The more I wanted to build serious things in Ruby the more often I would hit such problems.

This all brings a question: What would happen if Rails had disappeared the next day. What would all these people do? What could they use instead?

It was an obvious choice not to stick with Ruby because it has nothing to offer in the long term over Python. Learning python is a very good investment - I can do web programming, gui programming, scientific computing. I can use it to script blender, gimp, you name it. And unlike Ruby - I have excellent alternatives for each task.


Ruby is Python's slutty sister. She's just as hot, but she'll let you do things to her that Python would dump you for even trying.


Blocks.

Ruby gets a lot of things wrong, but blocks are one thing they more or less do well. Everything good that has been built from/for Ruby owes a large measure of its success to Ruby's block implementation.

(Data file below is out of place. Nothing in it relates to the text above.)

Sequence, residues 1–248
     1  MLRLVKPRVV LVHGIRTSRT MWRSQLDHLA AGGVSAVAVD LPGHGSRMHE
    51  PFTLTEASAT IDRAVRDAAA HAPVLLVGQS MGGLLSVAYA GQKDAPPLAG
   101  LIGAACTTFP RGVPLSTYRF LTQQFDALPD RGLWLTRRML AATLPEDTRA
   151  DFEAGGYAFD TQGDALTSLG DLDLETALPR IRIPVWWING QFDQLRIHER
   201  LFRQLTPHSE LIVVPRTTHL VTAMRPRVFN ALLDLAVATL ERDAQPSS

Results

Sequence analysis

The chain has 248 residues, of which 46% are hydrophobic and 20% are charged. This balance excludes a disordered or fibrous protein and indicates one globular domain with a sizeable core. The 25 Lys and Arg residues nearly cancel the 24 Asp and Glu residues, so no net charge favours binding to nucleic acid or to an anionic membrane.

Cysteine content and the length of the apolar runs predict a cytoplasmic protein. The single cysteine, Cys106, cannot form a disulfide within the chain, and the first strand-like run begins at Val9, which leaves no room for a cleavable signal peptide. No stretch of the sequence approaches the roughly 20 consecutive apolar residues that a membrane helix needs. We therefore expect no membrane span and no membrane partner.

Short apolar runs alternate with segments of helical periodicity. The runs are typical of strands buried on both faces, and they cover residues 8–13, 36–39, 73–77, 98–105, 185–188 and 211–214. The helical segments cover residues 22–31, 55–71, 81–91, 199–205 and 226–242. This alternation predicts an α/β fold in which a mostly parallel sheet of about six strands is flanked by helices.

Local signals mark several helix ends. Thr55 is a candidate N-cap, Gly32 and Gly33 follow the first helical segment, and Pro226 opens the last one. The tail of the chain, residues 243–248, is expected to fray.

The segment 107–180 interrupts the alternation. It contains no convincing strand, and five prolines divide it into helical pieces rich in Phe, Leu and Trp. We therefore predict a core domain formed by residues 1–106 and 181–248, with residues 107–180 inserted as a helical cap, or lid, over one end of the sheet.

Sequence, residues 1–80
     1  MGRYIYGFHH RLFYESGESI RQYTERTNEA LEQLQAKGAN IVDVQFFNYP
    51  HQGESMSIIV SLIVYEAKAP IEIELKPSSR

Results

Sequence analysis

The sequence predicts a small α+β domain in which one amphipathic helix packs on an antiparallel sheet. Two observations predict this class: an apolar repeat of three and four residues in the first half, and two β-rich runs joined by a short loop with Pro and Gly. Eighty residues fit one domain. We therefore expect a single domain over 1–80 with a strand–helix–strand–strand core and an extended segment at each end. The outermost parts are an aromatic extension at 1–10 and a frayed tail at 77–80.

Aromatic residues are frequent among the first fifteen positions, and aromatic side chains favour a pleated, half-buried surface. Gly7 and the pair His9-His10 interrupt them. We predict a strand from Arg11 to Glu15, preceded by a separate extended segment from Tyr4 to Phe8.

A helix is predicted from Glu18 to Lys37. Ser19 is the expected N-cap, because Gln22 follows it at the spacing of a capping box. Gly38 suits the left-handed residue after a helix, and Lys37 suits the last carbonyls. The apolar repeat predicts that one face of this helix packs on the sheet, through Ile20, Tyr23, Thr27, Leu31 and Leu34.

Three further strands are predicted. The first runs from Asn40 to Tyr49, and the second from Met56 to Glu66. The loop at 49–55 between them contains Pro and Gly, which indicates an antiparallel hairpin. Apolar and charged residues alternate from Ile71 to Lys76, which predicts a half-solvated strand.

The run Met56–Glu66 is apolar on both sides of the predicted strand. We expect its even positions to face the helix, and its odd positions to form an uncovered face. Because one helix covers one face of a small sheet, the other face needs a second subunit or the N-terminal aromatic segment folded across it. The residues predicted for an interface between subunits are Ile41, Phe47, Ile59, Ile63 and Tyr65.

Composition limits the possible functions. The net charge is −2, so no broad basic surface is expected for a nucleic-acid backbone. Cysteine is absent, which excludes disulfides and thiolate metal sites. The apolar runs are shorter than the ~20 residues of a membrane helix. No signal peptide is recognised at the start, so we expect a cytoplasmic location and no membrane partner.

Python programmers are definitely looking up the power curve at Ruby.


I think you could pretty much substitute Python and Django with Ruby and Rails, and the article would still ring true. As a Ruby developer I've only had brief encounters with Python, but to me it seems like a language I would love for the same reasons I like Ruby.


As a Python user, I'll give my personal reason for using Python over Ruby. Upfront: I think Ruby is absolutely fantastic. It's a very elegant language. In a lot of ways I think it's cleaner than python. I'd love to use it.

Except...

Every interpreter I've tried is just too slow. I recently ported over a networking library I wrote in python to ruby, and the requests per second (CPU limited in this case, since it was talking over a loopback socket -- this was just a test of how fast data could be serialized/deserialized) dropped from 7000 requests/sec in python to 120 in ruby. And that was just with standard CPython. Under PyPy, I was able to process about 20,000 requests/sec after letting the JIT warm up.